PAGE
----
Beyond the benefits of bringing research results and other kinds of health information to the community, Mandla sees other longer-term benefits to this kind of community-university partnership. For example, although UCT has done extensive research in the area and there are many young people living there who would benefit from access to tertiary education, Mandla expressed concern because “the number of people studying at UCT who are from Gugulethu is not enough”. He hopes to establish a close relationship between UCT researchers and community members, to inspire them to study at a university and bring their knowledge and expertise back to the community, and suggested one way to begin,
We need to take responsibility for bringing UCT’s orientation or open day events to Gugulethu so that young people can benefit and find a way of bridging the gap, ensuring they’re able to access tertiary education, and feel inspired. If there are young people from Gugulethu at UCT, we could bring them to talk there so that they can see that that person comes from their area and has graduated, has a Masters or a PhD. Because what they see every day…these are not good sights. Drug lords who are driving flashy cars. So they don’t see people who have earned their success through hard work because those people end up moving out of Gugs to stay in more affluent areas because they become easy targets. So, this partnership between MCSJ and UCT can grow from strength to strength if we put our minds to it.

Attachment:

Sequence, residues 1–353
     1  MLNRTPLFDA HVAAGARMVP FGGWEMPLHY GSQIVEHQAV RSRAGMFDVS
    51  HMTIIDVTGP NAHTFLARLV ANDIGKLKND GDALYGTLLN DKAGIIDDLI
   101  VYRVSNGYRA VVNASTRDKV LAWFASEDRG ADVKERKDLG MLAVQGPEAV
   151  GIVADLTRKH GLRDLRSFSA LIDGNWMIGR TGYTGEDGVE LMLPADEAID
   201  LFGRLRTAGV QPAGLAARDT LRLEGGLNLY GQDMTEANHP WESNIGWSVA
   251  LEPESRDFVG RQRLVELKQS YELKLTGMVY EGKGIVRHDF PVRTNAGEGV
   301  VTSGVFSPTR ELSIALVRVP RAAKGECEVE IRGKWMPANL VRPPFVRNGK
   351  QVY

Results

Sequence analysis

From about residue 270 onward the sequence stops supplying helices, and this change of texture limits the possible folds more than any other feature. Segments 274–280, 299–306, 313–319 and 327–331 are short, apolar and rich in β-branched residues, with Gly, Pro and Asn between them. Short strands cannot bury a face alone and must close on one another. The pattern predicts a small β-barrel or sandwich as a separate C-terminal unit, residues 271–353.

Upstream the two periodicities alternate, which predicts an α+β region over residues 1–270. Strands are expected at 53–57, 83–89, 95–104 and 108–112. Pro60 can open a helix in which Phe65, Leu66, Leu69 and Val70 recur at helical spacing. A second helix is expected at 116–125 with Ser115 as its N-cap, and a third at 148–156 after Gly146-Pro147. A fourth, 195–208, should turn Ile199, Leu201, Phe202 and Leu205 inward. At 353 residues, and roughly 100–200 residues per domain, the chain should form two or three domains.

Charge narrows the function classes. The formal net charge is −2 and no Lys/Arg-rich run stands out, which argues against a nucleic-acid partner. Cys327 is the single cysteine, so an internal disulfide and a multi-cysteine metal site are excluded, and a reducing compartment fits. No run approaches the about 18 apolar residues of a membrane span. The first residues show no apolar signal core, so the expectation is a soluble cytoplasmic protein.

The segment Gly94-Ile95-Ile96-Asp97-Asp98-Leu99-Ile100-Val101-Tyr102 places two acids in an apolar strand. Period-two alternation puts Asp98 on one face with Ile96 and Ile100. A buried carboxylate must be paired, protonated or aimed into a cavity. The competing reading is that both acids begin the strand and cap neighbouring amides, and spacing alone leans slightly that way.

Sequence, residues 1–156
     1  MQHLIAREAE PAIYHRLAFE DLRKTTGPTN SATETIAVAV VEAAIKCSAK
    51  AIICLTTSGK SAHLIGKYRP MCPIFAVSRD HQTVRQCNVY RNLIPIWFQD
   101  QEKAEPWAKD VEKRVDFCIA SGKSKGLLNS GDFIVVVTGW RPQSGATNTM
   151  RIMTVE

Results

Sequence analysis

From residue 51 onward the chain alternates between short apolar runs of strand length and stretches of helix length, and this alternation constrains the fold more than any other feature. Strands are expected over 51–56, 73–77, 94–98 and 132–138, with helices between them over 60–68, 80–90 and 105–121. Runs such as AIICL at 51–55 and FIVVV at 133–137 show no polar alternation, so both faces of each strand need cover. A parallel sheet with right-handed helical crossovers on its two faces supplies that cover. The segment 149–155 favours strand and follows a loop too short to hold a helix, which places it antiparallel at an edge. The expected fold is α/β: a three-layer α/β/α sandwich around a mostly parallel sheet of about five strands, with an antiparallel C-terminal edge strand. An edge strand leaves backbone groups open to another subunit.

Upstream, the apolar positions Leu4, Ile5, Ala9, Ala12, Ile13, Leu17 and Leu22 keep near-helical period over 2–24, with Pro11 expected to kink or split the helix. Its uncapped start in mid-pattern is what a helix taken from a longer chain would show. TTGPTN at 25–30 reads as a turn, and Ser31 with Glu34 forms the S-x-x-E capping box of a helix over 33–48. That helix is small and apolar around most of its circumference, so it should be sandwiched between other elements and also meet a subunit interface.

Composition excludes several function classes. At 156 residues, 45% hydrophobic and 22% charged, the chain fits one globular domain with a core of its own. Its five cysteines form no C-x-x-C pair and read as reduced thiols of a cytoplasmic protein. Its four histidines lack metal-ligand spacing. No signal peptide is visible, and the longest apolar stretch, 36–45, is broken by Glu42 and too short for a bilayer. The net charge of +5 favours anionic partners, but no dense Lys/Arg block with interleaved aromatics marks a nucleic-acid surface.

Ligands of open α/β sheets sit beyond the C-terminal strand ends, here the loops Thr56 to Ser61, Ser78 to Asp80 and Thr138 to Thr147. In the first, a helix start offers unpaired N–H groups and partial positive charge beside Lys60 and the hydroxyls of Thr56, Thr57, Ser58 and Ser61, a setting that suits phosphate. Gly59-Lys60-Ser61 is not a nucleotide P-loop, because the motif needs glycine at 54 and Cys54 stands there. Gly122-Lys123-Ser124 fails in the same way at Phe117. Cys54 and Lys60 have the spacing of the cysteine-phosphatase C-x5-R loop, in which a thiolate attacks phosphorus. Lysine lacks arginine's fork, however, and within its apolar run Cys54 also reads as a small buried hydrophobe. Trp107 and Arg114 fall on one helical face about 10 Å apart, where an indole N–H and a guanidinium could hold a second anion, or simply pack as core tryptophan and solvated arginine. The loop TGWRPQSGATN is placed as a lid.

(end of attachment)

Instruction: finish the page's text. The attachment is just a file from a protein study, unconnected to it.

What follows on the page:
While he hopes that people don’t “think MCSJ is a solution to everything, a magic bullet”, Mandla feels positive that with small, incremental steps the movement can make a significant change in Gugulethu.